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manimatr0n says:

I was raised Presbyterian and went to a small school run by the Episcopal church, so even living out in West Texas I was never really immersed in the Bible Belt culture of Baptists, Pentecostals, and other evangelical/charismatic churches. It also helps that at my Episcopal school, there were more than a few Catholic, Hindu, and Muslim kids in those classes, so from an early age I was exposed to people of other faiths who did not at all act they way your run of the mill charismatic preacher says the "unsaved" acts. And my mother and her parents are/were teachers, so questioning and seeking knowledge has always been a core family value.

  And even being raised Christian, I also have an extremely strong history of liturgical Protestants, Quakers, and French Huguenots on the ol' family tree (thanks to years of dedicated genealogical work done by my maternal grandmother when she retired the first time). And my maternal grandfather, when he was in his teens and early 20s, would more or less convert to whatever his current girlfriend was at the time. His dog-tag even has a stamp-out from M for Methodist to C for Catholic (which itself involves a long but hilarious story about him finagling a favor from a guy he knew in the local diocese).

  The tl;dr on my family religious history is a lot of easygoing liturgical protestants and my grandfather (who was instrumental as an authority figure for my sister and myself through our parents' divorce) really considering a church, really any church, as nothing more than set dressing. The religious motto of my family has always been about placing private faith and family above any structure, building or dogma.

  Now, flash forward to me in high school: I've quit going to church because we tried attending a local Baptist joint for about 6 months and I left after getting into an argument with a Sunday School teacher fed up with me telling the class about how Catholics aren't Satanists and radiometric dating isn't a scam. My very best friend, who I've known for years, is Hindu, and invites me every year to the local Diwali celebration. And I attend a Hindu Puja with him and his family, and he and they are always more than gracious to field the prying religious questions from his nosy friend over the years. And instead of leading me to Hinduism, it led me to a greater era of questioning and seeking, which I think was their goal. Not conversion, but just understanding.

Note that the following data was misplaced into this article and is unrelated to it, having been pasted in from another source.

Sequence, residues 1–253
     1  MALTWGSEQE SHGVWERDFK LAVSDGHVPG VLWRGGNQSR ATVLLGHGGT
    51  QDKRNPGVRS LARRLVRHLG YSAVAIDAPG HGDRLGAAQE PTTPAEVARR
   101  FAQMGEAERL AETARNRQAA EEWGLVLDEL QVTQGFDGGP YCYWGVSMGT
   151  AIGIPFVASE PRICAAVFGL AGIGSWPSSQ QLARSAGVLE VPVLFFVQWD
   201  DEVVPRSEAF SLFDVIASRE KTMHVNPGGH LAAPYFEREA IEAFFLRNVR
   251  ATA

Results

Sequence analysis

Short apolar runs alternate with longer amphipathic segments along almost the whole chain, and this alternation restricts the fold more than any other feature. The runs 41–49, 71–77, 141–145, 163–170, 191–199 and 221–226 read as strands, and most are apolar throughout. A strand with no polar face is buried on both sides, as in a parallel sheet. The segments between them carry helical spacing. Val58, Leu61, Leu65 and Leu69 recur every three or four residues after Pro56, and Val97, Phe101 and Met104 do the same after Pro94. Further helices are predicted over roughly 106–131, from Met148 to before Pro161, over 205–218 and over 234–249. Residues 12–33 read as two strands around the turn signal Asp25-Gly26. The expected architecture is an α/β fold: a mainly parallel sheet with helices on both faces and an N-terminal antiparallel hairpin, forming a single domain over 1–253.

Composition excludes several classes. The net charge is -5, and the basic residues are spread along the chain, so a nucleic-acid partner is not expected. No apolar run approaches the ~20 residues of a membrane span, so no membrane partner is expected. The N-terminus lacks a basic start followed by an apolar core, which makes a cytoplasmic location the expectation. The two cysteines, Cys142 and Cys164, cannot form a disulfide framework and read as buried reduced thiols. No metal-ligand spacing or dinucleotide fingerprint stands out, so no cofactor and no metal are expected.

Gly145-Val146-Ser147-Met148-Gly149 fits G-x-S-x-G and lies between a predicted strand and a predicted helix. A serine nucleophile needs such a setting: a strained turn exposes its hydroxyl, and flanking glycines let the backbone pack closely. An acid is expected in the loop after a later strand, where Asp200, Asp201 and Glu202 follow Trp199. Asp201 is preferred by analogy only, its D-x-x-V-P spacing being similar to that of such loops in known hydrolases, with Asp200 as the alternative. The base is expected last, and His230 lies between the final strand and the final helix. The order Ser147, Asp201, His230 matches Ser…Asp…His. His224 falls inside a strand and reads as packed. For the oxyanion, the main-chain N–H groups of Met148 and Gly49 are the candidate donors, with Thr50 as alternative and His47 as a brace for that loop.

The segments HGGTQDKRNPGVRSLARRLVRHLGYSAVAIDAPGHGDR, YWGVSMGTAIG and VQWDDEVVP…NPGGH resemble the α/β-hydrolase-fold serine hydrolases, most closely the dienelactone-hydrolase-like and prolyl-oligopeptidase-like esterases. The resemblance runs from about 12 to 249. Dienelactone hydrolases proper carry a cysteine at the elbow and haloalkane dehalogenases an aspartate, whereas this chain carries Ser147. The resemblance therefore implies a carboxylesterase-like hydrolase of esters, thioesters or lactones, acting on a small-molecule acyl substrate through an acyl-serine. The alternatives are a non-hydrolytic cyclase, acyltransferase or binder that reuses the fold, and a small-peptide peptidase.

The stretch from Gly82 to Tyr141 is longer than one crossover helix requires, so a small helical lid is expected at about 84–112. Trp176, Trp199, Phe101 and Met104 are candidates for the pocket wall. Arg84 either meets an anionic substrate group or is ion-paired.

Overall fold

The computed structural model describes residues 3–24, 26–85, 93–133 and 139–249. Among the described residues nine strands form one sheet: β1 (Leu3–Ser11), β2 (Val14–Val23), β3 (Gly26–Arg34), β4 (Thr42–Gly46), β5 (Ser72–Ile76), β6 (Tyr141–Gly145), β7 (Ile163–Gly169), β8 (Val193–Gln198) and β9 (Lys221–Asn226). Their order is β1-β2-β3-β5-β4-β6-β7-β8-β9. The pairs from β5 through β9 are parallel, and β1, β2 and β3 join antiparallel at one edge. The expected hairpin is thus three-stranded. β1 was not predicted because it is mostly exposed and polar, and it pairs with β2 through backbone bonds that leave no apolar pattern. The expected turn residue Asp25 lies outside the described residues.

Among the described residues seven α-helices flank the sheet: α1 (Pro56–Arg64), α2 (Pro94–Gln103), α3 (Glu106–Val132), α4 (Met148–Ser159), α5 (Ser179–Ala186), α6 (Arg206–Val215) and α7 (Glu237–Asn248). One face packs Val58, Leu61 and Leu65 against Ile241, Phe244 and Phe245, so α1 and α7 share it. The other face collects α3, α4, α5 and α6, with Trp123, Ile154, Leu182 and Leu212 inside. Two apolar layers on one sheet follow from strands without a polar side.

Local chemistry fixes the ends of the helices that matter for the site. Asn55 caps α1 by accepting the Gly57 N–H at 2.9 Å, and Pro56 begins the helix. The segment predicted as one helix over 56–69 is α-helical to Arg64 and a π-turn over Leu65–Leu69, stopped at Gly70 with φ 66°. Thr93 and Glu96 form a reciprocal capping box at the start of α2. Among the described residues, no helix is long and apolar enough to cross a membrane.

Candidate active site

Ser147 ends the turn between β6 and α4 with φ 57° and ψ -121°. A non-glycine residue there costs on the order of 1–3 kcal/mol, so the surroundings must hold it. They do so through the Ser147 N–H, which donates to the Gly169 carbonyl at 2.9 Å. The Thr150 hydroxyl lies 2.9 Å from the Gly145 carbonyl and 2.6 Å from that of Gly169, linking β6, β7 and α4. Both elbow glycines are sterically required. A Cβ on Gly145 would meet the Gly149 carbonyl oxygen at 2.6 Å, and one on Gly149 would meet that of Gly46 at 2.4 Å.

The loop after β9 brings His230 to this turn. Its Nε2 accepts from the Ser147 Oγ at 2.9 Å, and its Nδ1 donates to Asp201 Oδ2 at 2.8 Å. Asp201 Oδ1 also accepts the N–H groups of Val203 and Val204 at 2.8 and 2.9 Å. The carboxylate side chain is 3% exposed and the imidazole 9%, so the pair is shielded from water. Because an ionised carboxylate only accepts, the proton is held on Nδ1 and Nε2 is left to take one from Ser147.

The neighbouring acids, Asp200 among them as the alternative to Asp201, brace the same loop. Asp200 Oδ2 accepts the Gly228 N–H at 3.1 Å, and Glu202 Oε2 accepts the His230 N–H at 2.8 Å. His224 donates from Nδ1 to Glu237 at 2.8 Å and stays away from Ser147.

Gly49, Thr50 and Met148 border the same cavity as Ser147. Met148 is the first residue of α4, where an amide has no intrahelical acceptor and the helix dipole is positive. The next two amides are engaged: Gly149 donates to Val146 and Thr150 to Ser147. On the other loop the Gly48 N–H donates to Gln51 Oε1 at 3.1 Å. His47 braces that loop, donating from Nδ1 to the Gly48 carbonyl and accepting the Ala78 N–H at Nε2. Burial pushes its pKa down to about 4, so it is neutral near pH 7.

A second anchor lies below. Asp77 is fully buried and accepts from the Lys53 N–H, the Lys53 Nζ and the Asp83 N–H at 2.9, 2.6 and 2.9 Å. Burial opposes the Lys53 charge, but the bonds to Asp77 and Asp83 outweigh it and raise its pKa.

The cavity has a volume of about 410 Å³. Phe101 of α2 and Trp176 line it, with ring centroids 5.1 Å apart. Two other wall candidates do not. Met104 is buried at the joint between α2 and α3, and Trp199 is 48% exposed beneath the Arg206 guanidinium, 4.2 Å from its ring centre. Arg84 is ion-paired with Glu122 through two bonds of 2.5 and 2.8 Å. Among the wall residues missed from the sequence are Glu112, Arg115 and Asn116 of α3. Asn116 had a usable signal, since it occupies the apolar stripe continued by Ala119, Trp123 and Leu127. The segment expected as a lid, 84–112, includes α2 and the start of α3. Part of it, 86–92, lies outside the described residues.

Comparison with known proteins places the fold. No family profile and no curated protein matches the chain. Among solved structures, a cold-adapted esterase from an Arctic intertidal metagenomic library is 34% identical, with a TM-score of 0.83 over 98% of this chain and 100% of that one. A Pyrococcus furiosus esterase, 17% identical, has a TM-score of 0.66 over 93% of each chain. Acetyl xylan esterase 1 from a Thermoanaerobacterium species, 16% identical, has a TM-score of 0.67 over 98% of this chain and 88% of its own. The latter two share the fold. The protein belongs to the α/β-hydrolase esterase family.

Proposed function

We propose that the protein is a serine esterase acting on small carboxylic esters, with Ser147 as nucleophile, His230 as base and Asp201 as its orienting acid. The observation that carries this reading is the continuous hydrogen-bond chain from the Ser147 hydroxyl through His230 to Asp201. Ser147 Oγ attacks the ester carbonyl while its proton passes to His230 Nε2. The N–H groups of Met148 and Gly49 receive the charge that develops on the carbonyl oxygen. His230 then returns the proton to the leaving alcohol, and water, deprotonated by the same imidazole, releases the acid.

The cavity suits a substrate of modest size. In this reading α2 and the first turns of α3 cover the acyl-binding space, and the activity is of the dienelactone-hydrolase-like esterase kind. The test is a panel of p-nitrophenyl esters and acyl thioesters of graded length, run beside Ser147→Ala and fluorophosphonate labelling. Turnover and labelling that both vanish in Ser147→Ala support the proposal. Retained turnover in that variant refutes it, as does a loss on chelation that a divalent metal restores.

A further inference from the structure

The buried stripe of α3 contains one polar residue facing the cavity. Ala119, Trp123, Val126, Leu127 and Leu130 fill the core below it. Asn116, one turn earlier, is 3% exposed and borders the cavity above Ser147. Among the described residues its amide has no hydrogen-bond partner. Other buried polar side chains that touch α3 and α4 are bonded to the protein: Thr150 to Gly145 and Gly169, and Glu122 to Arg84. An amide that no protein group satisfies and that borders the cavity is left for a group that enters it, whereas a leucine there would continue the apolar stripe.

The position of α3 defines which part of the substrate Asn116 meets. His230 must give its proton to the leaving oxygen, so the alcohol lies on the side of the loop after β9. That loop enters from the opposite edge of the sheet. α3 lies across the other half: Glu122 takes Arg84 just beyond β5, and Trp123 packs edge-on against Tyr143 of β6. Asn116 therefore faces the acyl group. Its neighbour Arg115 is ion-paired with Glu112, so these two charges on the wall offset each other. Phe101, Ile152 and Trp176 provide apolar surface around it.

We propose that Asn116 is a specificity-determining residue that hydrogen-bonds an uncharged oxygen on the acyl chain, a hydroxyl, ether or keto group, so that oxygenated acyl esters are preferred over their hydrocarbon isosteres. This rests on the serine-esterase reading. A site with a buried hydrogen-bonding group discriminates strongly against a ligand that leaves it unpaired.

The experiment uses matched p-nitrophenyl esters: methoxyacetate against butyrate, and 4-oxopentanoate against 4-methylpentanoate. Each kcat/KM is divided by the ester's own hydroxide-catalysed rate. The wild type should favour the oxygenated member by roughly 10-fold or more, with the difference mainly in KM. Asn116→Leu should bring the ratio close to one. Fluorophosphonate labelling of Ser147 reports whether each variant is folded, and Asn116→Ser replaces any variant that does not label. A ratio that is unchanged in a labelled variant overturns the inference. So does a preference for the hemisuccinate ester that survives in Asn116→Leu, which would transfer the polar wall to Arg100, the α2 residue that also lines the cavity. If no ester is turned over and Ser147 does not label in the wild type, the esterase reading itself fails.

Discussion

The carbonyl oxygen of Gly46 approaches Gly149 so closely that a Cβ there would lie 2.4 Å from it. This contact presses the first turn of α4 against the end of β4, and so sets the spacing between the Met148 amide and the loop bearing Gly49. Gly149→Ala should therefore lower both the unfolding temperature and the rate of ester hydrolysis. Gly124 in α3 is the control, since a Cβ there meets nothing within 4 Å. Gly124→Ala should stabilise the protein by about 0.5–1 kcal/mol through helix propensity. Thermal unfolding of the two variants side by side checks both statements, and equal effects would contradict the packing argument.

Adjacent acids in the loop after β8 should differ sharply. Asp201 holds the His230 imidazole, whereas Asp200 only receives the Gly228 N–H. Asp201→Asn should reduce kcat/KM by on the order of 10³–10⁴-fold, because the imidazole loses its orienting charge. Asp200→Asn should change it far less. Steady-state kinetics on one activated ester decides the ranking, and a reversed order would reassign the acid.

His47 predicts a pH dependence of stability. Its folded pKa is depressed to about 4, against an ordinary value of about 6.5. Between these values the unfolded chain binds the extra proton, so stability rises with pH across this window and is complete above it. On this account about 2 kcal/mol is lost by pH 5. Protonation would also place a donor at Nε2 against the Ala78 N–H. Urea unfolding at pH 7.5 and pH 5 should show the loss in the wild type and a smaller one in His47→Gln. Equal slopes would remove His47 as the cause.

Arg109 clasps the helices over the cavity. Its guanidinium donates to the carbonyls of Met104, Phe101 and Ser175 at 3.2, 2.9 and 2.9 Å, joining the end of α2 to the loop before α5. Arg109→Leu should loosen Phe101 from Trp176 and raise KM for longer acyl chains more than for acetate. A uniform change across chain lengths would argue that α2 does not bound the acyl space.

I've always had a thing for languages, taking French, Spanish, Russian and Uzbek classes either in high school or college, and I realized (like so many do) that after 2000 years, the bible as we learn it now probably isn't excessively accurate. So my first goal was to become as honest a Christian as possible, dabbling in some odd beliefs that never sat right with me. Then, because I'd also loved mythology, spent some time online wondering if people still believed in the old Greek gods, since so much was written down there might still be some around. That opened my eyes to reconstructive paganism around 2004-2005 or so.

  With that new knowledge, in secret I'd decided after a ton of reading, that if I was going to believe in, venerate, and pray to any god that had hung from a tree in self-sacrifice to help mankind, it would be Odin, the one who did it for nine days instead of 6 hours, and walked away from it. But I never made any attempts to reach out to local Heathen or Asatru groups either in person or online because the footing I had then was still fairly unstable, in my mind. And for a number of years, from about 2007-2013, I told people, and they thought, that I was Quaker, because there's a local Friends group out here, and as mentioned above, it runs in the family. And saying Quaker kind of raises an eyebrow, but most evangelical/charismatic Christians are weirded out enough by hearing Quakers still exist they stop asking questions, hahaha.

  As a funny side note, a memorable, actual quote from an ex that I had been pretty serious with in 2008-2009, after seeing a post I made in a private Facebook group that she belonged to when I got into an (idiotic) fight online about politics, is offered here context-free: "You know, I'd have liked to have found out my boyfriend was a bisexual viking from him instead of reading it on Facebook at 3 AM!"

  So now, after worshipping, but not feeling entirely right with, Odin as a solitary god, I realized that I couldn't just half-ass the paganism thing, especially since I truly believe Odin is real and deserves more than just solo worship from a confused dork. I spent more time reading up on various pantheons, and then had a series of UPG dreams in which (I believe) I was visited by Belatucadros, calling me home. And the more I looked into the Insular Celt pantheons, especially the Scots/Caledonians, the more sense they made to me, and my worldview.

  And now I'm carving an altar out of a tree stump I found, and my wife, who can best be described as an eclectic wiccan/solitary witch, had this gem when I told her about my dreams after I'd been having them for a solid 2 weeks: "It's about time you came to terms with it. I've been waiting for you to realize you're a polytheist since we got married, you nerd."






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